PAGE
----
Fact-Checking the 2024 State of the Union

In last night's State of the Union Address, President Biden made a number of claims related to the budget deficit. We've fact-checked three of those claims below:

Claim #1: "I've already cut the deficit by over $1 trillion."

While the deficit has declined by over $1.0 trillion during the President’s term – from $2.8 trillion in Fiscal Year (FY) 2021 to $1.7 trillion in 2023 (and a projected $1.5 trillion in 2024), this is not because President Biden cut the deficit. If anything, it is in spite of it. As we explained when President Biden made a similar claim in his 2022 State of the Union Address, deficits fell from a COVID-relief-driven record high and still remain above pre-pandemic levels.

Indeed, more than the entirety of the fall in the deficit can be explained by COVID relief – enacted under both former President Trump and President Biden – expiring. We previously estimated that COVID-related spending fell by nearly $1.5 trillion between FY 2021 and 2022, explaining nearly the entire drop of the deficit. COVID relief has fallen even further through 2023 while deficits grew relative to 2022.

At $1.7 trillion ($2.0 trillion adjusted for student loan accounting issues), the deficit in FY 2023 was nearly twice as large as before the pandemic. And the laws and executive actions President Biden has signed have added to the deficit on net, not reduced it.

Our Rating: False. 

Claim #2: "I signed a bipartisan budget deal that will cut another trillion dollars over the next decade."

The bipartisan Fiscal Responsibility Act (FRA), signed into law by President Biden on June 3, 2023, was estimated by the Congressional Budget Office to reduce deficits by $1.5 trillion through FY 2033. This includes about $250 billion of direct savings, mainly as a result of capping defense and nondefense discretionary spending in FY 2024 and 2025, nearly $1.1 trillion of additional savings from assuming real appropriations will remain at FY 2025 levels and grow with inflation, and almost $200 billion of lower interest costs.

Importantly, the legislation does not guarantee $1.5 trillion of savings – it relies on future appropriators to appropriate at the caps specified in the legislation. And certain "side deals" would reduce the bill’s net savings. Yet even with the originally-negotiated side deals (which have since been revised), we estimated the FRA will still save $1.0 trillion over a decade.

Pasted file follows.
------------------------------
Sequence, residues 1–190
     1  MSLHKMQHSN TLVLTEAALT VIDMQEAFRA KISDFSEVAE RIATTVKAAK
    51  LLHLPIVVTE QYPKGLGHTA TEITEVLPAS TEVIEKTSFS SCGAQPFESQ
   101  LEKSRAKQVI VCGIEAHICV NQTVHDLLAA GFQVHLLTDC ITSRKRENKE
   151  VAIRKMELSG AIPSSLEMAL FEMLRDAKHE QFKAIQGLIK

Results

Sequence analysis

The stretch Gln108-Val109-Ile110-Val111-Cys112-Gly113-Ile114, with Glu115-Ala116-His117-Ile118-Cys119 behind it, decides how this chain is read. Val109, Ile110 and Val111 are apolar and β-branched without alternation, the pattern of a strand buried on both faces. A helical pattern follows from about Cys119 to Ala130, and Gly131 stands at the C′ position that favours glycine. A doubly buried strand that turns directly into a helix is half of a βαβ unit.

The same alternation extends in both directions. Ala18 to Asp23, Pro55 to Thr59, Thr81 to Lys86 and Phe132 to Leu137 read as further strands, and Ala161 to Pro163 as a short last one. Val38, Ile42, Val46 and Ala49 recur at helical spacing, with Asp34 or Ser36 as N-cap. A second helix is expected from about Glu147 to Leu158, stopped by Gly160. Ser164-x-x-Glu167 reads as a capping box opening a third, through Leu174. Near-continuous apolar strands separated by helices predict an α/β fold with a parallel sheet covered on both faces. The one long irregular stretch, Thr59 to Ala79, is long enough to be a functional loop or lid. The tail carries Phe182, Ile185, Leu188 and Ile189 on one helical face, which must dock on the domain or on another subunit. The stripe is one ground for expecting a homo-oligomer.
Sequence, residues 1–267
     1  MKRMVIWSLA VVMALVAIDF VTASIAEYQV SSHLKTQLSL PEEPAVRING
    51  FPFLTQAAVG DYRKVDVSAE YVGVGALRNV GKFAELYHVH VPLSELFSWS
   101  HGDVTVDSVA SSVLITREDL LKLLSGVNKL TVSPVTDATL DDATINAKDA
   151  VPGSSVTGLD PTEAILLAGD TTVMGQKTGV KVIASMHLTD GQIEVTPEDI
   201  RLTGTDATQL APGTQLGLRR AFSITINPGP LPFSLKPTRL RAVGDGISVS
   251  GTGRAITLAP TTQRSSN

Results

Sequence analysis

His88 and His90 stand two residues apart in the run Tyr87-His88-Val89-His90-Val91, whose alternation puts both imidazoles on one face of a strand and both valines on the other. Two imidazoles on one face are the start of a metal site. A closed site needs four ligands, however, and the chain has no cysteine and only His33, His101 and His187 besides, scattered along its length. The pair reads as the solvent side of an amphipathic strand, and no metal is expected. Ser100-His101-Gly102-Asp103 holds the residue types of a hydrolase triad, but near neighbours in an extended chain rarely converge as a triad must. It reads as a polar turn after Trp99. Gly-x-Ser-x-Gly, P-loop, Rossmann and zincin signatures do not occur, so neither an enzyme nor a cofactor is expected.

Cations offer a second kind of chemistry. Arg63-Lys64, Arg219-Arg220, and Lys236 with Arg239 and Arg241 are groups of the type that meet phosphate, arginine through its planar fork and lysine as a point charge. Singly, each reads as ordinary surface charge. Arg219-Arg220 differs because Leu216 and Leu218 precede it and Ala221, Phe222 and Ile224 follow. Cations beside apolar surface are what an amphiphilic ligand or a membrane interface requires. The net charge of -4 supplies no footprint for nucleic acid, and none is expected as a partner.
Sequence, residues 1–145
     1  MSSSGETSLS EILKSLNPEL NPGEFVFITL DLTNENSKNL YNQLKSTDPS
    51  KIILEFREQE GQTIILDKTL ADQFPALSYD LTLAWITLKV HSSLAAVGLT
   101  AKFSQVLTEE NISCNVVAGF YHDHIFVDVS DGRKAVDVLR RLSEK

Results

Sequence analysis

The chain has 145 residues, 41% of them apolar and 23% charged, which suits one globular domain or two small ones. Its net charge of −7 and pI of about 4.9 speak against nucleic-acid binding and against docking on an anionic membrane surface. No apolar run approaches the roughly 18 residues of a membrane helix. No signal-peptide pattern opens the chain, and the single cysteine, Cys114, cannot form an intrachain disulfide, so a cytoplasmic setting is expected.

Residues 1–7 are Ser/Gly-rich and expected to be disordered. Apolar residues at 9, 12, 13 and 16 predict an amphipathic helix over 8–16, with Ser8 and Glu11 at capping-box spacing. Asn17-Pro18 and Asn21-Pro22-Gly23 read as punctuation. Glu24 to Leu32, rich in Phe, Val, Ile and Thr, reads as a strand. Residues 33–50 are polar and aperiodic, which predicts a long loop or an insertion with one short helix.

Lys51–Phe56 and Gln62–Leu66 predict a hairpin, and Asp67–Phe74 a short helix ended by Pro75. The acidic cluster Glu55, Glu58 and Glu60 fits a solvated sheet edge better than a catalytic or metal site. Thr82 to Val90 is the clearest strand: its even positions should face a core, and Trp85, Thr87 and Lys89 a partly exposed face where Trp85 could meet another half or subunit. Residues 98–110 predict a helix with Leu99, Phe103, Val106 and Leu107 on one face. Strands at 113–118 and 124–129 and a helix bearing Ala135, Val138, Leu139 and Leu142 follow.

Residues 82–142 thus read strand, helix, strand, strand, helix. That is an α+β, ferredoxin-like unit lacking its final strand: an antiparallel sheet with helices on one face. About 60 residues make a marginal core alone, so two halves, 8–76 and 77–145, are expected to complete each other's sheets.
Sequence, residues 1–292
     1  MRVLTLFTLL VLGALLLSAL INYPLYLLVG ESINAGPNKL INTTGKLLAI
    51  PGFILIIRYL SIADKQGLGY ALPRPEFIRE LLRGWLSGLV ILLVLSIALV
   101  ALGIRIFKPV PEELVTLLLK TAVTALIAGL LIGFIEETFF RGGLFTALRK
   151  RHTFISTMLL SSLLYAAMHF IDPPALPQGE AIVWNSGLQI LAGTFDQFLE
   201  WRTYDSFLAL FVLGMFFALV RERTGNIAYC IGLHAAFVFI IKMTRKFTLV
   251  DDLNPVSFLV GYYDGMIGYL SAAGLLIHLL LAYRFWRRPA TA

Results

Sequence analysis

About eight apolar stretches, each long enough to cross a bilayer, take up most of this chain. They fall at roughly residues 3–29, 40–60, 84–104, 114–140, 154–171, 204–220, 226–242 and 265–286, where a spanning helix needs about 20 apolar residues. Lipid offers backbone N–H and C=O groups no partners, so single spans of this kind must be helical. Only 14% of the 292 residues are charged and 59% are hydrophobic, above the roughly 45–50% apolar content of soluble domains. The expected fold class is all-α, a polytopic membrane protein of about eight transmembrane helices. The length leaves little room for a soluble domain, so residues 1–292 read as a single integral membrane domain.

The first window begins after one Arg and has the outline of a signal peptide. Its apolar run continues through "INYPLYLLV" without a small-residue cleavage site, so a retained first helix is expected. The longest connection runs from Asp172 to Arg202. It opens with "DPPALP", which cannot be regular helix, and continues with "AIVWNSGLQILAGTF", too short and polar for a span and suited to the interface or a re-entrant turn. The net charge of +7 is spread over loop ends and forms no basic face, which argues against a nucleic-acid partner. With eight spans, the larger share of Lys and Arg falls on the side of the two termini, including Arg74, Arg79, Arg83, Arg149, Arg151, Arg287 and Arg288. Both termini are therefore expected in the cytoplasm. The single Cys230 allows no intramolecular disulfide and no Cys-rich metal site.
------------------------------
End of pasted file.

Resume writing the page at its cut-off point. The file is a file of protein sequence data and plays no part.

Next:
Our Rating: True. 

Claim #3: "The last Administration...added more to the national debt than any presidential term in American history."

Federal debt held by the public grew by $7.2 trillion during the four years of the Trump Administration. This is more than under any presidential term in history, although debt-to-GDP did grow faster during President Obama's first term in office and during Franklin Delano Roosevelt's third term in office. 

In terms of how much President Trump added to the debt, we previously estimated that he approved $8.4 trillion of new borrowing over ten years through various laws and executive actions. About half of this increase was COVID relief and three-quarters was bipartisan. This is certainly more than any prior President in dollar terms, and is at least more than any President in the last half century as a share of GDP (data limitations make it challenging to look back further).

Importantly, President Biden has also added substantially to the debt. Although we have not updated our previous estimate of how much debt he signed into law (or executive action), the amount is several trillion dollars in size but significantly smaller than President Trump’s $8.4 trillion. In addition, $5.6 trillion of debt has accumulated under President Biden’s term so far and that total will likely rise to $6.5 trillion by the end of his current presidential term. 

Our Rating: True.